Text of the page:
Articles | Volume 20, issue 18
Research article
24 Sep 2020
Research article |  | 24 Sep 2020

Oligomer and highly oxygenated organic molecule formation from oxidation of oxygenated monoterpenes emitted by California sage plants

Archit Mehra, Jordan E. Krechmer, Andrew Lambe, Chinmoy Sarkar, Leah Williams, Farzaneh Khalaj, Alex Guenther, John Jayne, Hugh Coe, Douglas Worsnop, Celia Faiola, and Manjula Canagaratna


Interactive discussion

Status: closed
Status: closed
AC: Author comment | RC: Referee comment | SC: Short comment | EC: Editor comment
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Peer-review completion

AR: Author's response | RR: Referee report | ED: Editor decision
AR by Archit Mehra on behalf of the Authors (21 Jul 2020)  Author's response   Manuscript 
ED: Referee Nomination & Report Request started (30 Jul 2020) by Alex Lee
ED: Publish as is (07 Aug 2020) by Alex Lee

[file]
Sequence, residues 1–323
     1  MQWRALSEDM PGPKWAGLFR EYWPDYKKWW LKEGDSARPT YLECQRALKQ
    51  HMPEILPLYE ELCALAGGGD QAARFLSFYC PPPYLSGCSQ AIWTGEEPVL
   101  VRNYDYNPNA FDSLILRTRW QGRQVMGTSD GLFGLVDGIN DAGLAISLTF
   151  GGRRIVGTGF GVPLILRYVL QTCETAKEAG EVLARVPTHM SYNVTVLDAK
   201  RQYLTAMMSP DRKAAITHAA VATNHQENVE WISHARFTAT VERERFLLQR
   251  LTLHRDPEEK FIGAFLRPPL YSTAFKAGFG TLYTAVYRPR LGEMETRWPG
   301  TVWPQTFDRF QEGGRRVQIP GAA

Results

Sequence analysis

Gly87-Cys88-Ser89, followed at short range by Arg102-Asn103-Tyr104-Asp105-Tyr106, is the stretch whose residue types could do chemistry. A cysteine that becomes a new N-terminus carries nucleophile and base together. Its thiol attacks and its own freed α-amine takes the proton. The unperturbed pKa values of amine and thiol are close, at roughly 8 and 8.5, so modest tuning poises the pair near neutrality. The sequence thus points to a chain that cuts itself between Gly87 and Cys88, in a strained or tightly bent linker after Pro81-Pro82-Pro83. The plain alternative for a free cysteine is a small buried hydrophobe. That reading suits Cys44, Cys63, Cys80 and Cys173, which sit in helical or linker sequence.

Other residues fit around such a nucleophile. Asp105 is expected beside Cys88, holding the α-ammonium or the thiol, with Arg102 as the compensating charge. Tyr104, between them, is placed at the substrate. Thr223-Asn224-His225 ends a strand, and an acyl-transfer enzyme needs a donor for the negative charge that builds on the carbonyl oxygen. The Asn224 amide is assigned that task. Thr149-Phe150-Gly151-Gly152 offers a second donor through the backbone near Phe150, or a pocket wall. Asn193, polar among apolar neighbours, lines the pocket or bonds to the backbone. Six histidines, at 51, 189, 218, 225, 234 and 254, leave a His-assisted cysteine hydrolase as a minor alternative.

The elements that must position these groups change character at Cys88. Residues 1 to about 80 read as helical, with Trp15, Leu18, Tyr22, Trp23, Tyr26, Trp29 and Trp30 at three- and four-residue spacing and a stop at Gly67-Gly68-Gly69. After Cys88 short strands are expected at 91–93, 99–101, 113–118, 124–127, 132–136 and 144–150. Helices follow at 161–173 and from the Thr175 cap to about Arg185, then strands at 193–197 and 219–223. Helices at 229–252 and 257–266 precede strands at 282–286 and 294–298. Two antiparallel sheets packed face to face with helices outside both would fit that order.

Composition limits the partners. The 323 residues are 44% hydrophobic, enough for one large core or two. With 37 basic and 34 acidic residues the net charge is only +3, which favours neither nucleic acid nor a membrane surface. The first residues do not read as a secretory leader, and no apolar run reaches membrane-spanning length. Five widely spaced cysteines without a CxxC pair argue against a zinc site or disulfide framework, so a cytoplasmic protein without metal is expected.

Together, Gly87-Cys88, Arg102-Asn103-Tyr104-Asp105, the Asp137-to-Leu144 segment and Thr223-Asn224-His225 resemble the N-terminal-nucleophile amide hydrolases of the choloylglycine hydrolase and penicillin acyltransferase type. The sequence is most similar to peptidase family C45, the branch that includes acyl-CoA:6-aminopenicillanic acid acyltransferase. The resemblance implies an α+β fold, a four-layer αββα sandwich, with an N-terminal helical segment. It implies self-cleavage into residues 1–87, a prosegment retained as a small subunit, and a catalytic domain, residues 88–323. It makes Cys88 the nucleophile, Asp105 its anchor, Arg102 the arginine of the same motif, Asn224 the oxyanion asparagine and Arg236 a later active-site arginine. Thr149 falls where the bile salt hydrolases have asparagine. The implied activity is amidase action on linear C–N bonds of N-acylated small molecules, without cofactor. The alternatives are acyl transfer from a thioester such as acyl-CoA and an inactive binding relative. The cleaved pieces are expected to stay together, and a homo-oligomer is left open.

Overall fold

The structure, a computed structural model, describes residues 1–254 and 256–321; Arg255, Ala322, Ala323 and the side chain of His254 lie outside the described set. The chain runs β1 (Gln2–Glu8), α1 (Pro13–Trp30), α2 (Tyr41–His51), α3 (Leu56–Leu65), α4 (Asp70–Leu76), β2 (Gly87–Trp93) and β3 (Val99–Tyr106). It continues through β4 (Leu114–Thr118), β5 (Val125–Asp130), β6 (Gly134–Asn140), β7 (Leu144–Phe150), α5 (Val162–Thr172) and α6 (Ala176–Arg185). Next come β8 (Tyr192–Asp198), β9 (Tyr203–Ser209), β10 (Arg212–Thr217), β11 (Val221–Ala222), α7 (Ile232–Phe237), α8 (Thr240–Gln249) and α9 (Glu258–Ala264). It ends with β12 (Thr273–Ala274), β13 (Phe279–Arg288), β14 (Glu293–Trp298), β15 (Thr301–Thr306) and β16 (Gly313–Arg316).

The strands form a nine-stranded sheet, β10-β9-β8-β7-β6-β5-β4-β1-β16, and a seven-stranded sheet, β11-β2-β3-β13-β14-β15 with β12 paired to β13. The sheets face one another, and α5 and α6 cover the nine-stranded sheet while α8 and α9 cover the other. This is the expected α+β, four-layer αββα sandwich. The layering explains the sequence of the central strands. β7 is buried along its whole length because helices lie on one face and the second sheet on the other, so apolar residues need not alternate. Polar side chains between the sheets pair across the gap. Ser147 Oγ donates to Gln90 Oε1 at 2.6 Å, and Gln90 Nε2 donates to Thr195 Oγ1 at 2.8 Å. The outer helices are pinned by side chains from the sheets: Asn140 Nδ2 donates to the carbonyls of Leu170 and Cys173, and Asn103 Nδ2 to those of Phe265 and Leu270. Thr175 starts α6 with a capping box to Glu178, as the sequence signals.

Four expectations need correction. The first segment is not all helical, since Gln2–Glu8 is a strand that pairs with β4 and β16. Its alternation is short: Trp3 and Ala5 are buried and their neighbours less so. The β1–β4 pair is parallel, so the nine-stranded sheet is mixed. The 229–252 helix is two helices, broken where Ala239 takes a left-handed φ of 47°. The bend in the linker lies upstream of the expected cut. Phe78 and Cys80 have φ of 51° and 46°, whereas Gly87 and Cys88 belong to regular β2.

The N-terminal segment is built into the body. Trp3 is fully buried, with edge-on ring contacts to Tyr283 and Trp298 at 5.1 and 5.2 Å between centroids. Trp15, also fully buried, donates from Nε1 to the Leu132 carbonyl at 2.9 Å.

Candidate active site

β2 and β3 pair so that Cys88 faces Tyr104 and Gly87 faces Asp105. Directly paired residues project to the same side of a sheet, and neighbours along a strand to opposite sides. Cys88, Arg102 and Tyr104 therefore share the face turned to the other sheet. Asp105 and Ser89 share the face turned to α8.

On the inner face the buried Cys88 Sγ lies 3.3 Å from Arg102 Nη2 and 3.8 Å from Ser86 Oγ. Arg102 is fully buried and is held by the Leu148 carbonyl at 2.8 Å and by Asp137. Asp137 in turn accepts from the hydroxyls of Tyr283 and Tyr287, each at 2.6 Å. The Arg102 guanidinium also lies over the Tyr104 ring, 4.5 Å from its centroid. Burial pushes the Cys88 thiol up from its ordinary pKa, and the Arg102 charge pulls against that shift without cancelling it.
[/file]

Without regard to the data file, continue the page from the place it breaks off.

AR by Archit Mehra on behalf of the Authors (11 Aug 2020)

Post-review adjustments

AA: Author's adjustment | EA: Editor approval
AA by Archit Mehra on behalf of the Authors (17 Sep 2020)   Author's adjustment   Manuscript
EA: Adjustments approved (23 Sep 2020) by Alex Lee
Short summary
Emissions of volatile organic compounds (VOCs) from plants are important for tropospheric ozone and secondary organic aerosol (SOA) formation. Real plant emissions are much more diverse than the few proxies widely used for studies of plant SOA. Here we present the first study of SOA from Californian sage plants and the oxygenated monoterpenes representing their major emissions. We identify SOA products and show the importance of the formation of highly oxygenated organic molecules and oligomers.
Final-revised paper